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The British are a nation in a state of worry about the food that they eat – although men and women think very differently about their diet.

A new survey lays bare our attitude towards food and health – showing that more than half of the population are not happy with their weight.

The data, from Fysiqal Nutrition, actually shows there’s a marked gender difference in this regard – with 59 per cent of women unhappy with their weight but 55 per cent of men satisfied with what they see on the scales.

Big variation between different towns and cities

There’s also a big variety of opinion when it comes to happiness across the UK too.
The following league table shows cities in order of how unhappy their citizens are with their weight:

 1. Cardiff – 70 per cent unhappy

2. Nottingham 66.7 per cent

3. Glasgow – 58.3 per cent

4. Southampton – 55.1 per cent

5. Norwich – 54.2 per cent

6. Plymouth – 52.8 per cent

7. (=)Belfast/Leeds – 51.6 per cent

8. (=)Sheffield/Birmingham – 50 per cent

9. London – 49.8 per cent

10.  Manchester – 47.6 per cent

11.  Brighton – 45.5 per cent

12.  Bristol – 44.7 per cent

13.  Newcastle – 44.1 per cent

14.  Liverpool – 43.9 per cent

15.  Edinburgh – 42.5 per cent

Here we can see that there’s a big gap between the top and bottom of the list – with a particularly stark contrast between the Scottish cities of Glasgow and Edinburgh.

Worrying about what we eat

The food we eat is something we think a lot about – with 52 per cent of people saying they worry about this at least some of the time. Indeed, almost one in eight people say they are constantly concerned with the food they are consuming.

On this we can see a big age difference. One in five 16-24 year olds say they ‘always’ worry about the food they are eating, whereas 60 per cent of over-55s say they either rarely or never do so.

In total, 63 per cent of women either ‘always’ or ‘sometimes’ worry about their food – contrasting with 36% of men who gave the same answers.

What’s on our mind when we buy food?

Given this general state of unhappiness about weight and concern over food, it’s interesting to see how this translates into our attitude towards buying food.

The survey found that 41.2 per cent of people never look at nutritional information when they are shopping for food – although this figure is higher among the over-35s and men than it is younger people and women.

With that in mind, almost a third of people – 29 per cent – say they never look to avoid anything in the food and drink that they buy. Yet 26.8 per cent of people do say that they try to avoid sugary food and drink – with fat (15 per cent) and salt (12.1 per cent) also a concern for some shoppers and only 7.8 per cent saying that they avoid buying high-calorie foods. Indeed, only 3.7 per cent of men say they ever worry about the calorie count of their food and drink.

Here, the generational gap is significant. We can see that 16-24 year olds have the sweetest tooth and are the least likely age group to avoid sugary foods (only 20 per cent do so).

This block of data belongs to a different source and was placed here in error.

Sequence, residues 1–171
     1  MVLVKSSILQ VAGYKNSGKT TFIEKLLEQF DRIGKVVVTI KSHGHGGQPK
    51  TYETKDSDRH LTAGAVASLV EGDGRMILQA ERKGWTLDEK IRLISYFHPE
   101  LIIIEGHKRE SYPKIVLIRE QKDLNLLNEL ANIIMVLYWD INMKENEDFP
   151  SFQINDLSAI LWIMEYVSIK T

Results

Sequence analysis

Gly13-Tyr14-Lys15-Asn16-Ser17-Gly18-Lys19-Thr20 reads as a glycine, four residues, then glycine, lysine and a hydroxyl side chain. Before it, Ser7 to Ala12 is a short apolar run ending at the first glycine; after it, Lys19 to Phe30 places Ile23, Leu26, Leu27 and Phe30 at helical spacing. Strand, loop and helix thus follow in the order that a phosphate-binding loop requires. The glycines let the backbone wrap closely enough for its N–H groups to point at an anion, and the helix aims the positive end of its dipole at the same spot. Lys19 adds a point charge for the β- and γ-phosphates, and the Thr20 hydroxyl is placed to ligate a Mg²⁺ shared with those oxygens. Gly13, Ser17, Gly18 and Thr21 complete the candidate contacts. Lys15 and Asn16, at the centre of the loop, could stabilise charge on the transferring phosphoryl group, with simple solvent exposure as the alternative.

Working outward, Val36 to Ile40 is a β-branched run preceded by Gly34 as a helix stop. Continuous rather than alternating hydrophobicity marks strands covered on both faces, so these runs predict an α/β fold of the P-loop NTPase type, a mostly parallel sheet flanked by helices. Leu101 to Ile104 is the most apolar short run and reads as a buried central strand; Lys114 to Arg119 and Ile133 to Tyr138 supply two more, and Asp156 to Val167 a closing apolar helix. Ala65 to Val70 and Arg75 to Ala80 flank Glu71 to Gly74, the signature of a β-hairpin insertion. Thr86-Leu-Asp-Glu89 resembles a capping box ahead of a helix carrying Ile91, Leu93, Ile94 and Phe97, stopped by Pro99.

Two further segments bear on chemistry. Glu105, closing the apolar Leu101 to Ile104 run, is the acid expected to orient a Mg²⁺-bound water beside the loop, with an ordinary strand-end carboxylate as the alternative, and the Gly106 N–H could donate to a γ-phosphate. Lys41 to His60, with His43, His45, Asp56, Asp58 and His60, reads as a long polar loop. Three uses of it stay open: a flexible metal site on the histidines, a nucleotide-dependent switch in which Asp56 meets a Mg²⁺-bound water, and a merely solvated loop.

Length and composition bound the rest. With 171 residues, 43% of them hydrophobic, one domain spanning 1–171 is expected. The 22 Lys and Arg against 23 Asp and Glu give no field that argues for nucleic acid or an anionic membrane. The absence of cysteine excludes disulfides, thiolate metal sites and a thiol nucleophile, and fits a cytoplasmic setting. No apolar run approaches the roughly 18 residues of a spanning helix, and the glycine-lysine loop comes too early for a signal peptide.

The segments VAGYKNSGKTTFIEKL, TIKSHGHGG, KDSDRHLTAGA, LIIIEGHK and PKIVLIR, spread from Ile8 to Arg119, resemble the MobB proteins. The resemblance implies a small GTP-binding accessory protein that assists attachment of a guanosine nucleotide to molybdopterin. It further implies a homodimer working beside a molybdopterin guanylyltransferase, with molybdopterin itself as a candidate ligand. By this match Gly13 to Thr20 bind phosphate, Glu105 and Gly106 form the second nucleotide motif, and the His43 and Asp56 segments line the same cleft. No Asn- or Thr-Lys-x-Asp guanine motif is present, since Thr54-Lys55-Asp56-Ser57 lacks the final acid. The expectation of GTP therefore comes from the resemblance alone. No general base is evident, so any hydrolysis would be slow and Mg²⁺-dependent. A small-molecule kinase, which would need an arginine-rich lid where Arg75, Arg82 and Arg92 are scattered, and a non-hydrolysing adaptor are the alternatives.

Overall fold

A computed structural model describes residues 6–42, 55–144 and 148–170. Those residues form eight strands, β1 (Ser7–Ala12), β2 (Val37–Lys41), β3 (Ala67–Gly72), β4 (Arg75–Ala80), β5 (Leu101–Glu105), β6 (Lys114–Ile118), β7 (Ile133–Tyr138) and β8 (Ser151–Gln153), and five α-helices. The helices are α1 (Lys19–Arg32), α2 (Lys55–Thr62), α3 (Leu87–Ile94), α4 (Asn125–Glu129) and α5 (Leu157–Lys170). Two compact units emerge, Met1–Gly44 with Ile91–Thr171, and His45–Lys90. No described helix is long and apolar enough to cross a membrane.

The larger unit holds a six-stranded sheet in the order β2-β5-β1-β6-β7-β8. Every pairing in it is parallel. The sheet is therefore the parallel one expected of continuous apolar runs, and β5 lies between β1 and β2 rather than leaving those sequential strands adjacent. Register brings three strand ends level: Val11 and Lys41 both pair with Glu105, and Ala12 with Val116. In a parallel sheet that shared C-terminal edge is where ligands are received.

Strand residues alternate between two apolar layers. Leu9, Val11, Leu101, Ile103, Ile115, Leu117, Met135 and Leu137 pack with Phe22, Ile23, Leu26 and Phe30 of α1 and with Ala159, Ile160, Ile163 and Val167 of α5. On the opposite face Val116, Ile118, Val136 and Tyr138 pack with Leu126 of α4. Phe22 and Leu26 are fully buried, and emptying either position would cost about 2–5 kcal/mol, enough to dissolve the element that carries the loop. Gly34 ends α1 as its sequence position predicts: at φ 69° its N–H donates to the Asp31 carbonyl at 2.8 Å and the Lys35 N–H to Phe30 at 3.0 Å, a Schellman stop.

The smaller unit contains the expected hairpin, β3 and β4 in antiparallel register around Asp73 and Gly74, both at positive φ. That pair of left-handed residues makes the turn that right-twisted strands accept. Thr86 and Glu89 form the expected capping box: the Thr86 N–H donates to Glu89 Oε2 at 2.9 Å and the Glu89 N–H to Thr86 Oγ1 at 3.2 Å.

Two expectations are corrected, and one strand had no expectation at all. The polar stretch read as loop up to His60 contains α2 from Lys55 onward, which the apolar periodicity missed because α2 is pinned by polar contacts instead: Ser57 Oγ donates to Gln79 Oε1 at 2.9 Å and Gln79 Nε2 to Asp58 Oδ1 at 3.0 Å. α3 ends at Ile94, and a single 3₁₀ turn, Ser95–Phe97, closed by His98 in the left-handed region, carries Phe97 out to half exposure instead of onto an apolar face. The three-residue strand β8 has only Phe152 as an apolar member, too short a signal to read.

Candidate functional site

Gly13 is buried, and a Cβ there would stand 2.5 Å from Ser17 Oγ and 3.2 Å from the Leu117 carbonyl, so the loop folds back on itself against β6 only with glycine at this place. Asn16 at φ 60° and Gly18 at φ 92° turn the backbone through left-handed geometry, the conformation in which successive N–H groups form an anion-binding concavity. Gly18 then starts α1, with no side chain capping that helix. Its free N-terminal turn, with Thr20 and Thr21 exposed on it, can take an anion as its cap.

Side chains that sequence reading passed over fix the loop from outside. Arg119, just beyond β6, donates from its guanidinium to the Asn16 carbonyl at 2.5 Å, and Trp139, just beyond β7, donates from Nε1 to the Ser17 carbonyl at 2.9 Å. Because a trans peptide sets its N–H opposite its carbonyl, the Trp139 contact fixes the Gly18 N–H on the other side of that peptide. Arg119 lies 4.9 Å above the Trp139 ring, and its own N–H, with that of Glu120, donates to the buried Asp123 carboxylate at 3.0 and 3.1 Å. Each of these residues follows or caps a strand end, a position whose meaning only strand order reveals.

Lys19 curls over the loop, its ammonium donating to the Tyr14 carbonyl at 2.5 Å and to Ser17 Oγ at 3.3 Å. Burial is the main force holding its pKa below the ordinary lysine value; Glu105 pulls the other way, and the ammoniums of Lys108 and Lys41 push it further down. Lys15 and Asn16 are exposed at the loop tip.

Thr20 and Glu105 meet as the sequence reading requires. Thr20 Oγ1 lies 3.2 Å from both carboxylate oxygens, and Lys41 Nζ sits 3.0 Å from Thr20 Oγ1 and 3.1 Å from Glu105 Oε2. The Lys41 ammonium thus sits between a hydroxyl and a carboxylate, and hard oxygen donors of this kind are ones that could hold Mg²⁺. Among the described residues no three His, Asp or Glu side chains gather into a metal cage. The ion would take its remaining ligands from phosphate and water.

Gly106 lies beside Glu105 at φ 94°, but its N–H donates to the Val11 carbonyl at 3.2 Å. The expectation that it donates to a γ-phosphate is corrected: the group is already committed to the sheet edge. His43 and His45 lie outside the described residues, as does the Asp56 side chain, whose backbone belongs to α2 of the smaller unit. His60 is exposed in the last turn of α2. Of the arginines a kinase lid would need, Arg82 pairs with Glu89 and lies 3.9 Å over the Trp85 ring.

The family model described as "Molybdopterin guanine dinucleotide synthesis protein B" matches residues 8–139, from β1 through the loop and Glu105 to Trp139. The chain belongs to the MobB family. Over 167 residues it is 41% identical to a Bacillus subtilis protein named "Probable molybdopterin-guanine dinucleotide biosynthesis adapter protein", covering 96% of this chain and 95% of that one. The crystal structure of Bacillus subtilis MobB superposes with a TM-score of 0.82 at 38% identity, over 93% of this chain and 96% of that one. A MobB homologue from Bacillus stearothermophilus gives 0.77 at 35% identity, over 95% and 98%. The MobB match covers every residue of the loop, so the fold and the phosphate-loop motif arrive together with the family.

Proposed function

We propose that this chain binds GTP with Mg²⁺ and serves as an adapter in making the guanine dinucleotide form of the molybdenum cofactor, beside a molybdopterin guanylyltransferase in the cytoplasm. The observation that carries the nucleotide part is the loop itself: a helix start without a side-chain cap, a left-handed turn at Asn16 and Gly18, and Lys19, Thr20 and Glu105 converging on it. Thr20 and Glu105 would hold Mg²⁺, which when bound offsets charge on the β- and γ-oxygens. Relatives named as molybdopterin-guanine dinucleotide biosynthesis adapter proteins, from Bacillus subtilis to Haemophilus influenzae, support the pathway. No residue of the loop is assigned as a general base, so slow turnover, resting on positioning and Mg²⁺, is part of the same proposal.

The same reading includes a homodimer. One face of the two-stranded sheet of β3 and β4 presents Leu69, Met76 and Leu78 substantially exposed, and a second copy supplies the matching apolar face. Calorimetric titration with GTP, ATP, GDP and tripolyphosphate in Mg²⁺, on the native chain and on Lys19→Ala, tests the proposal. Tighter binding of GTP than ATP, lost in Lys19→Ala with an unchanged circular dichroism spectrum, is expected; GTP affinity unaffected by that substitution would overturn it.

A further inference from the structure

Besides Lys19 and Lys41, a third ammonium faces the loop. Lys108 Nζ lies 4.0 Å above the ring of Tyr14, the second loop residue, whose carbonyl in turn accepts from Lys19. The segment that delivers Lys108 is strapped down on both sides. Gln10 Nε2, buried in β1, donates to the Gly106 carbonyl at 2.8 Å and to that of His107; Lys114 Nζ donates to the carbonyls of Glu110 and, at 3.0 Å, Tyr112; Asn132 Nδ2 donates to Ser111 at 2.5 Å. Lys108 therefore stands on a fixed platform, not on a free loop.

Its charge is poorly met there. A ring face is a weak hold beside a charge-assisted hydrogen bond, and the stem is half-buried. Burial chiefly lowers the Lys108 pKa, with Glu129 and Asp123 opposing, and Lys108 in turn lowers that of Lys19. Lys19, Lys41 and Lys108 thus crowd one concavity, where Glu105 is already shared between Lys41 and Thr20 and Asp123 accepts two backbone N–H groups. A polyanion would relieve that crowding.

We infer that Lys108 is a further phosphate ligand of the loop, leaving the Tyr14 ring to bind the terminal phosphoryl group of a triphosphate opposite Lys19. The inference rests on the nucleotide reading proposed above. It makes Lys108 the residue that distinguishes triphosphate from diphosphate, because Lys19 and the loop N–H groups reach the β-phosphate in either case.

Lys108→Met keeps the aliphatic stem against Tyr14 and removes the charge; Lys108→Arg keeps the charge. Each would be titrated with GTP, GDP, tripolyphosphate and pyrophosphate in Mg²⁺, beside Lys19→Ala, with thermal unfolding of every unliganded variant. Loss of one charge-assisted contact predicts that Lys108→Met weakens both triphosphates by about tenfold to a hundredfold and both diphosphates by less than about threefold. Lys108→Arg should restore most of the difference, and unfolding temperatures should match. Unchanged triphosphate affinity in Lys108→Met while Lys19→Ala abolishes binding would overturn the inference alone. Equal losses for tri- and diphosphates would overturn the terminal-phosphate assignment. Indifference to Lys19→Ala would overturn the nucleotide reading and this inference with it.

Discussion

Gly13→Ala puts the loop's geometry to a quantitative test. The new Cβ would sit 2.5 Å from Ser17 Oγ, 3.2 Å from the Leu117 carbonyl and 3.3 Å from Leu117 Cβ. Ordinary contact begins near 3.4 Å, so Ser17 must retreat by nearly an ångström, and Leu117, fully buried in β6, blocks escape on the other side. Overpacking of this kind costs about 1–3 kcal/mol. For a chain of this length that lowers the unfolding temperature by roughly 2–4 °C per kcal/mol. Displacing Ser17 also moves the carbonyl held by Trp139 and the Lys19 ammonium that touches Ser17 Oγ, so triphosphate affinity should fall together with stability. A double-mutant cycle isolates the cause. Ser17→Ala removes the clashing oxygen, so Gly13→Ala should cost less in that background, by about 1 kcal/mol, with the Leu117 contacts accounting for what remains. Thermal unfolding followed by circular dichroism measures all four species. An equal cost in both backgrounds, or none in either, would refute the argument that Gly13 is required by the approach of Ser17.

Women are much more likely to try out a diet

So, if we’re unhappy about our weight then it’s time to turn to a diet, right? Here we can see a massive gender difference. 70 per cent of men polled said that they had never tried any diet – which is in sharp contrast with the responses of women in which 57 per cent had tried at least one diet.

The diets most likely to have been tried by women are as follows:

  • Weight Watchers – 19.2 per cent
  • ‘Very low calorie’ – 18.5 per cent
  • Slimming World – 18.1 per cent
  • SlimFast – 10.8 per cent
  • Atkins – 9.6 per cent
  • 5:2 – 6.3 per cent
  • Vegan – 5.6 per cent
  • Gluten Free – 4.6 per cent
  • Cambridge - 2.8 per cent
  • Paleo – 1.5 per cent

Would you want to know what’s in your restaurant food?

Knowing what’s in the food we buy in a supermarket is one thing, but what about when you’re in a restaurant?

People are torn over whether they’d like to know the nutritional information of what’s on the menu when they’re eating out – with exactly half of respondents saying that they think this is a good idea. Almost a third – 29 per cent – would rather not know, while the rest are unsure.

Again, there’s a big gender split here – with 55 per cent of women saying they’d like to see more nutritional information on menus but only 42 per cent of men agree.

Younger people are also keener to be ‘in the know’ when eating out – with 57.1 per cent saying they would like to see more information on restaurant menus as opposed to 42 per cent of over 55s.

A nation split over exercise

So, do our diet-conscious Brits don their gym gear or running shoes to help themselves feel better?

Here we can see a mixed bag. The survey revealed that 22 per cent of people exercise at least once a day – but 24 per cent of people say that they never take part in any exercise at all.

The 25-34 age bracket is the most active – with only 14.5 per cent of people not doing any exercise – whereas almost a third of the over 55s do not exercise.


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Worried about food: What Brits think about what they eat
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